In a continuing effort to build out the B2B sites in its behavioral ad network, Tacoda is bringing business search site ZoomInfo into the fold. Starting Monday, ads from network advertisers will appear on the ZoomInfo site, targeted based on users’ searches as well as their behavior across Tacoda’s network of 3,500 sites. This will mark the first time display ads will run on the search site.
“It’s an interesting way for us to continue to learn more about our audience,” explained ZoomInfo VP of Product and Marketing Russell Glass. Initially, the site will enable Tacoda-targeted ads to run throughout about half of its inventory, according to Glass, who said the site attracts about five million unique visitors per month on average. He anticipates opening up all inventory to Tacoda ads shortly. Until now, the site has run only Google AdSense ads targeted based on search keywords.
ZoomInfo aggregates information about business professionals and companies from across the Web, allowing people to search the site by name for specific people and firms. In addition to refining ad targeting on its own site, information on ZoomInfo users will be added to the mix of data gleaned on other Tacoda network sites to serve ads throughout the network.
This site addition supplements Tacoda’s current roster of business-related sites and, according to the company’s SVP of Marketing Larry Allen, “introduces a lot of the occupation-oriented or professional folks into the network from an audience perspective.” In its network, the firm also counts OSTG (Open Source Technology Group) Web sites which include Linux.com and Slashdot.org, along with legal, medical and business sites from Dutch business publisher Wolters Kluwer, among its B2B sites.
Other search-related sites featured in the network are About.com, search engine Snap, yellow pages site QuickSeek, and research search engines Highbeam Research and Answers.com.
ZoomInfo’s audience is comprised mainly of white collar professionals aged 25-40 who visit the site to locate information on colleagues, recruit employees and research companies. Glass expects a lot of the advertising served by Tacoda on the site to be of the conquesting variety. For instance, if an entrepreneur searches for a business partner to help him build software drivers, and that same person visited a trade publication site to read about a particular vendor, a competitor of that trade magazine may want to target ads to that user in the network.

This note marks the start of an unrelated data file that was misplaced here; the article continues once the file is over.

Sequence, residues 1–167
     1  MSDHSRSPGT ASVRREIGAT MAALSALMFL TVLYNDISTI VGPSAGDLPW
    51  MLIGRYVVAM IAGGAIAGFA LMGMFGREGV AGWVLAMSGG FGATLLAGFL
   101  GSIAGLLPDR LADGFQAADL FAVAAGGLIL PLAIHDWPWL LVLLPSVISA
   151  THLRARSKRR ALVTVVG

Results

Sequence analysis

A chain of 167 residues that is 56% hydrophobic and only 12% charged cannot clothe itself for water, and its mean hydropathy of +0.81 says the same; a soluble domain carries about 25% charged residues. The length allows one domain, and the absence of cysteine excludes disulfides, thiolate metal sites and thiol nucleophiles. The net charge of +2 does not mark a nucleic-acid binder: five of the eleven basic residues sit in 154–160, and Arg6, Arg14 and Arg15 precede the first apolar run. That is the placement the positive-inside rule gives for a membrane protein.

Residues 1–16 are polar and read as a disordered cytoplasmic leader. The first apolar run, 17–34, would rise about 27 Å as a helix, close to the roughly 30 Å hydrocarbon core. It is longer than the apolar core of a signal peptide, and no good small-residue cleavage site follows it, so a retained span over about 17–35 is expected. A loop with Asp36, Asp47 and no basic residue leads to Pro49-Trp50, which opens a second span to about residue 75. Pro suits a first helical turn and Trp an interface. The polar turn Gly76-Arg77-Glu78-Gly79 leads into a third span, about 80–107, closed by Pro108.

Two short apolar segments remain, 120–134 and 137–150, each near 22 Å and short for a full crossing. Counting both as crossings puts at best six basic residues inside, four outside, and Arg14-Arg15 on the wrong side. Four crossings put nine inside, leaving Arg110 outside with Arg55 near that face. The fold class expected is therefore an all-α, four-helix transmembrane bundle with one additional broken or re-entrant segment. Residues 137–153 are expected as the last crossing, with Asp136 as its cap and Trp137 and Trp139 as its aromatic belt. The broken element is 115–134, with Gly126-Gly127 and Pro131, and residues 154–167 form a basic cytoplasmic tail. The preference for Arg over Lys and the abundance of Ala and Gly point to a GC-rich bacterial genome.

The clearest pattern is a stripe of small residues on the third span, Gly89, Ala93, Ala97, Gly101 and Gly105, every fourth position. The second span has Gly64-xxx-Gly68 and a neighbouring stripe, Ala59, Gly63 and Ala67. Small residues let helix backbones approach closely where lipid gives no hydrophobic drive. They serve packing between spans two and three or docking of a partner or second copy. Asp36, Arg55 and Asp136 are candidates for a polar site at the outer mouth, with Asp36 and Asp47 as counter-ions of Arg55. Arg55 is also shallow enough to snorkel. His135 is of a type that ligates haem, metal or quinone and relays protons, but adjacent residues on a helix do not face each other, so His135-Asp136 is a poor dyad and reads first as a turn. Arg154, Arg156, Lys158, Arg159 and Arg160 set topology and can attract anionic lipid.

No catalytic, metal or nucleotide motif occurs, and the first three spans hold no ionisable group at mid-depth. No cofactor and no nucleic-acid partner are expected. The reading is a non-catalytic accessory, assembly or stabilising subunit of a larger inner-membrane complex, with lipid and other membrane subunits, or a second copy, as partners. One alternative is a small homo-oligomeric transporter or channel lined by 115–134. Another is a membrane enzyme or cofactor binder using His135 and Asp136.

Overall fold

Both Glass and Allen pointed to the travel category as one that typically targets the business set. Rental car companies and technology firms are also a good fit, said Allen. Up until now, he noted, Tacoda has only inferred what type of profession or role a user is in; however, the searches conducted on ZoomInfo could help to identify such information with more assurance.
According to Glass, the most popular industry categories visitors search for on the site are Medical Devices and Equipment, Software, Drug Manufacturing and Research, Advertising and Marketing, and Insurance.
Tacoda’s new site add-on may help establish new audience segments correlated with specific professions. A pharmaceutical advertiser might want to target only doctors with a particular expertise, for example. Still, Allen cautioned that millions of people need to be present in order for a new standard audience category to be created.
All Tacoda-targeted ads are sold on a CPM basis, with prices ranging anywhere from $3 to $6 for ads targeted to a general category, to an average of $16 or $17 for ads delivered to a more refined segment. According to Allen, some auto ads can go as high as $25.
In addition to the Tacoda deal, AOL now includes ZoomInfo search in the business edition of its instant messaging application, AIM Pro.
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